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With the recent removal of the envelope icon and the addition of the dropdown menu, there has been a lot of controversy about whether the change has been good or bad. I'm not here to complain, but to make a suggestion for future changes.

Other web applications often give users the ability to choose between the old and the new ui when significant changes are made. When Twitter rolled out their new UI, users were temporarily given the option to switch to the new UI, or keep the old UI. Facebook did the same thing when they redesigned user profiles recently.

My suggestion is to give users the option to choose between the "old" and the "new" ui when changes like this are made, allowing feedback to be gathered and features to mature before being released.

I'm not recommending making this a permanent feature, to allow users to choose, but rather to have a "soft" rollout with the intention of gathering widespread feedback before flipping the switch and forcing everyone to use the new changes.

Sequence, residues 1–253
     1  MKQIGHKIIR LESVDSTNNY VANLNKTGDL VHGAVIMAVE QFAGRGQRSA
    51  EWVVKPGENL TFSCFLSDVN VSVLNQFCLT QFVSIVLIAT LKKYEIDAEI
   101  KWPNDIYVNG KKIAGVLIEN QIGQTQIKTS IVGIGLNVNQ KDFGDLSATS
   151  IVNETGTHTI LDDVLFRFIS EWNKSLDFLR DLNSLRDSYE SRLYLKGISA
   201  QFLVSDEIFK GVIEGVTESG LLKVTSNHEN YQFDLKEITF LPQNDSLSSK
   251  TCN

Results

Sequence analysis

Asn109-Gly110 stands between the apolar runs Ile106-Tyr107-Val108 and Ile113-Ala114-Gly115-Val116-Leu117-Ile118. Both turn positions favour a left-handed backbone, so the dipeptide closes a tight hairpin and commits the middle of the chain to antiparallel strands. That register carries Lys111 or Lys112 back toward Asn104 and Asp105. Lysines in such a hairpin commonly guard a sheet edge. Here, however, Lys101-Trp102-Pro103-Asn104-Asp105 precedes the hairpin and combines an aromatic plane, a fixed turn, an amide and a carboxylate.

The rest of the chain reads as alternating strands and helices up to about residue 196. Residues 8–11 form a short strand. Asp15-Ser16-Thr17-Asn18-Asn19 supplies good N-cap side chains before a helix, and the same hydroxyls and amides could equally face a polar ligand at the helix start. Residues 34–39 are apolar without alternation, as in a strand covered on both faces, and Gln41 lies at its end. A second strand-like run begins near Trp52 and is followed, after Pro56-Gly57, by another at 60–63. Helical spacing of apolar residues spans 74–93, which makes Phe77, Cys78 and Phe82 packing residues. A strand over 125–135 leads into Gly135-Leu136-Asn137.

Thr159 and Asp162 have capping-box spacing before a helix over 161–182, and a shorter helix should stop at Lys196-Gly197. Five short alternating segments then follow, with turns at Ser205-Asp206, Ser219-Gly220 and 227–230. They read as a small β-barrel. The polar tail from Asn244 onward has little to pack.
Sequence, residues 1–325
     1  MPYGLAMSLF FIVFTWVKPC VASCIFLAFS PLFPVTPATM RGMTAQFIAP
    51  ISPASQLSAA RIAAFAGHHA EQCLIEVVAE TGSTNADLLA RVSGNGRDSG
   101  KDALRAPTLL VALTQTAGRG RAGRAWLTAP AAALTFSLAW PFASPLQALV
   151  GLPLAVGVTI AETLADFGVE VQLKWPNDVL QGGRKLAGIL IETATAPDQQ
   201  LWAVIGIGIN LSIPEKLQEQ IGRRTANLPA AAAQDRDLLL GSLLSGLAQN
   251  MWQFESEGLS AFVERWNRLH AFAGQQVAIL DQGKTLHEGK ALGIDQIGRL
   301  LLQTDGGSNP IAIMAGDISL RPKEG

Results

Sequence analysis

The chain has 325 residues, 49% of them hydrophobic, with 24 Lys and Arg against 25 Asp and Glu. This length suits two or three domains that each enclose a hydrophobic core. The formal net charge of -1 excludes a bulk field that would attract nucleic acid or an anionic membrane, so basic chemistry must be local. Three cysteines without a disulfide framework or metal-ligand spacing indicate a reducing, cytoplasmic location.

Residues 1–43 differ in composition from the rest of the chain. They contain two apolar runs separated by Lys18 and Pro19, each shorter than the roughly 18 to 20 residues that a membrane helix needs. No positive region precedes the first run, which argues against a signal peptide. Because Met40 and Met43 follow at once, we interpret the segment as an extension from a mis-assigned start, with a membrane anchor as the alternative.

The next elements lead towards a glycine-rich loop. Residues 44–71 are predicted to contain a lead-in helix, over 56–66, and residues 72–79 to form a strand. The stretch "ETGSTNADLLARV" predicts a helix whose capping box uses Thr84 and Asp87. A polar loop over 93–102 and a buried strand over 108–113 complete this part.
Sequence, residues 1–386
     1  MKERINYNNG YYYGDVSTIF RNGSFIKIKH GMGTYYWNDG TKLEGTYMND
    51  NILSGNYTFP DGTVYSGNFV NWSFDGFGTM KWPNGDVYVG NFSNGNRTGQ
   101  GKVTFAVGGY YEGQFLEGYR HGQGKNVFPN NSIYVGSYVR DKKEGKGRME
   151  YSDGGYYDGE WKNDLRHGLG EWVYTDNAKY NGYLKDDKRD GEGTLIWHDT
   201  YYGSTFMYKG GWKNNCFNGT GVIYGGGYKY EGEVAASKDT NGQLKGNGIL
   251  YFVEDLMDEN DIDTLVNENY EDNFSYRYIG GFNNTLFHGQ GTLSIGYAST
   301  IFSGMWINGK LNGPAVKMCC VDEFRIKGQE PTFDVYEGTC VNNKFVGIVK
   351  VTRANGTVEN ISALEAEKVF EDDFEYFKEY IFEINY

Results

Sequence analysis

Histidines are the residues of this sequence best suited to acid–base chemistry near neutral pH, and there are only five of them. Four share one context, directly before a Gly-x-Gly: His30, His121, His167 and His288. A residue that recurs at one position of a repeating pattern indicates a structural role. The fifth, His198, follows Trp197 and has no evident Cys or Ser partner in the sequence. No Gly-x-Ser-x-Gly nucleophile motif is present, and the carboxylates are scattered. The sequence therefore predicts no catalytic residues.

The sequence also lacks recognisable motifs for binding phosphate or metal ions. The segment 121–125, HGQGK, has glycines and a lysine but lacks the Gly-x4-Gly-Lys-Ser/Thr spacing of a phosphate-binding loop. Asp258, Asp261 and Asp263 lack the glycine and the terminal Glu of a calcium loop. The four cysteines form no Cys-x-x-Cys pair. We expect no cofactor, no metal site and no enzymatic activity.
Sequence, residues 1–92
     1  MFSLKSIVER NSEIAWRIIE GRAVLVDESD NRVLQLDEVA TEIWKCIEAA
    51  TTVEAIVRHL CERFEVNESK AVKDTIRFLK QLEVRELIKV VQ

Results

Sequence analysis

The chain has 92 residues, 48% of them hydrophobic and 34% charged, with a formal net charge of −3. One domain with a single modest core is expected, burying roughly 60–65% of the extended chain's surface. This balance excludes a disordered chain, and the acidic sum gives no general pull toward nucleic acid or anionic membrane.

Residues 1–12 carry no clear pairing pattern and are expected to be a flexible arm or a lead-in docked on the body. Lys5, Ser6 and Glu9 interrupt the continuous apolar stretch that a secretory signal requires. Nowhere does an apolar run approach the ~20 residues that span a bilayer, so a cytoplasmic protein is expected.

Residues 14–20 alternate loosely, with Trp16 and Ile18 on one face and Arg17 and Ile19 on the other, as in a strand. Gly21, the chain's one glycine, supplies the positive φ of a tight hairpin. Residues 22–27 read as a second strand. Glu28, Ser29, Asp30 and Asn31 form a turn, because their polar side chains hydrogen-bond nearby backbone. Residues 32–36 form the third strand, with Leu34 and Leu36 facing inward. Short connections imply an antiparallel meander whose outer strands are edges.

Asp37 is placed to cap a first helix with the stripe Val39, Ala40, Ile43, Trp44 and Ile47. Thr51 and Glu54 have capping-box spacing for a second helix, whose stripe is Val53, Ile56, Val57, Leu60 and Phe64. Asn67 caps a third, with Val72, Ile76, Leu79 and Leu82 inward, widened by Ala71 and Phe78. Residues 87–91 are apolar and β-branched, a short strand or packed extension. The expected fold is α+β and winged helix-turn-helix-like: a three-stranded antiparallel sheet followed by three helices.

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Stating the obvious: but that means having both sets of code in the app at once, which is developer hassle. I can't see them going for this. –  Rup Mar 11 '11 at 17:28
    
Yeah, thats an unfortunate side effect of this. I guess the question is: is it a necessary evil? –  Kyle Trauberman Mar 11 '11 at 18:07